Wildflowers and birthdays

My flower obsession is growing. I was just thinking about a book presenting a different flower each day and here you are, I found it! It is “The floral birthday book” by Bernard F. Carter published by Bloomsbury Books in London. Charity shop find for £3. Beautifully illustrated month by month, with a flower, tree or a plant illustration and a little poem for each day. IMG_3969   IMG_3971     IMG_3990 My birthday flower (27th of March) is peppermint which symbolises cordiality. And today’s flower is speedwell which says “You are my divinity”. We all know the language of flowers, right? IMG_3974 My another latest purchase was a box of 100 flower postcards from Royal Horticultural Society. It is a beautiful set of botanical images from the RHS Lindley Libraries, the earliest dating from the late 17th century.

IMG_3976      IMG_3977      IMG_3989 My last week cycle to the woodlands happened on the sunny and breezy day and here are the flowers I snapped away.

Tulips and dandelions
Pink honesty
Pink honesty
Periwinkle oxyloba
Dusky cranesbill
Dusky cranesbill or mourning widow


Bleeding heart
Bleeding heart aka lady-in-the-bath
Borage or starflower
Lily of the valley
Lily of the valley
Cuckoo flower
Herb Robert
Herb Robert aka Death came quickly
White dead nettle
White dead nettle
Red campion
Red campion
Barrenwort aka horny goat weed
Barrenwort aka horny goat weed

Again, credit to Keith Jones from www.seasonalwildflowers.com who helped me to identify epimedium known also as barrenwort, bishop’s hat, fairy wings and mentioned already horny goat weed. Just love those names!

Another thank you goes to Jim Gardner from thatscurious.com  for correcting me on the coralroot flower which I mistankenly named a cuckooflower.  Both plants come from cabbage family but differ in flower and leaves shapes. Coralroot flower is quite rare in UK so I am very happy it grows here in my local neck of woods.

I have bought a couple of books about wildflowers identification, full of info and beautiful botanical illustrations. It is “The Wild Flower Key” by Francis Rose and “The Wild Flowers of the British Isles” by David Streeter. I grew up in the country so I recognise a lot of plants and flowers but either forgot their names or never learnt them at all. Those books make a perfect bedtime read for me and there is so much to learn and I am so up for it.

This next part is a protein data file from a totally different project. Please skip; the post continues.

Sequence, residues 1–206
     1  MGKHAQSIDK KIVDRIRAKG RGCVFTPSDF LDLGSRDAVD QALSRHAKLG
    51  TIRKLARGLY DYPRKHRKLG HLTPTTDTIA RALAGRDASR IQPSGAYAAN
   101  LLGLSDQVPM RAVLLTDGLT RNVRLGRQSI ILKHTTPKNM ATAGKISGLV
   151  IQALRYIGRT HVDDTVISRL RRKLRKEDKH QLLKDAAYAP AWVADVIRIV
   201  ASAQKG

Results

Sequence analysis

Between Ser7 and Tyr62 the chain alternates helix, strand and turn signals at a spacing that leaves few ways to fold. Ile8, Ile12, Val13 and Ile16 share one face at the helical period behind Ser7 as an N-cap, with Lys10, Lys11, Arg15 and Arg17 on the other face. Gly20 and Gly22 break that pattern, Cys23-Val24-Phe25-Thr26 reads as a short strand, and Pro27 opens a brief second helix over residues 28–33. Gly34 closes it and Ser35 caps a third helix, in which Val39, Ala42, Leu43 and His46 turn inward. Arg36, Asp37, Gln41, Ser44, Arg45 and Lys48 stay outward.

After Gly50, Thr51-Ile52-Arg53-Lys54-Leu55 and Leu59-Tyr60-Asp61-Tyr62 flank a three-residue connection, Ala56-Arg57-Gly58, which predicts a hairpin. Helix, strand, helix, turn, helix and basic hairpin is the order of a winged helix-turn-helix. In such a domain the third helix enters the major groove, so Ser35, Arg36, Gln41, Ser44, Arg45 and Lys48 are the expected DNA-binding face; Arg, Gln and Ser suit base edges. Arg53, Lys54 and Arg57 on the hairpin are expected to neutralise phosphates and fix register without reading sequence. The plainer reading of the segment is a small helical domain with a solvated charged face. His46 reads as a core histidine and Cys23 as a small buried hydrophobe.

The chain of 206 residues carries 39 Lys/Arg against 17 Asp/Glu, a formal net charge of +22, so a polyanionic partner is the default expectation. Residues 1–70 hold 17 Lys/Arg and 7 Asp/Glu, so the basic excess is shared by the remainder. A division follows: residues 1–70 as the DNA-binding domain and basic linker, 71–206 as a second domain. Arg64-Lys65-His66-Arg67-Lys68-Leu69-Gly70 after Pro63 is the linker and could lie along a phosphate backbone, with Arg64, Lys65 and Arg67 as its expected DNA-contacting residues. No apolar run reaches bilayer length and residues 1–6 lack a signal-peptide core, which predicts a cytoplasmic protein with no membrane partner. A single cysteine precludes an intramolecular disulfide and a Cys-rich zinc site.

Wild flowers spotting in London

Another sunny and breezy day in London. I went for a quick look around in my favourite woodlands once my boyfriend was having a haircut. I entered through the All Saints church gate to walk through the cemetery and what was my joy to discover lilies of the valley growing in the shady spot. I must have missed them before as I walked there many times. They have got their flower buds still closed but looking very promising. Sadly, didn’t get a good shot with my phone.

Here are today’s discoveries.

Wild strawberry
Wild strawberry
Lily of the valley
Lily of the valley
Wild garlic
Wild garlic
Lords and ladies
Lords and ladies or cuckoo pint
Greater celandine
Greater celandine
Cow parsley or Queen Anne's lace
Cow parsley
White honesty flower
White honesty flower
Garlic mustard
Garlic mustard
Cleavers aka sticky willy
Cleavers aka sticky willy
White narcissus
White narcissus
White fritilaria
White fritillaria
Lesser calendine
Lesser celandine
Red campion
Red campion
Very pretty, couldn't identify
Spring starflower
Tortoiseshell in the nettles
Tortoiseshell in the nettles

I have contacted Keith Jone after looking at his website www.seasonalwildflowers.com and he helped me to identify the spring starflower. His website is filled with all the info and beautiful photos of wildflowers month by month. Please, have a look at it if you like wildflowers and want to know more.

I just ordered some books about identifying wild flowers and can’t wait to start reading and taking them with me on my park walks.

Today’s flower star. Bluebell, the national treasure.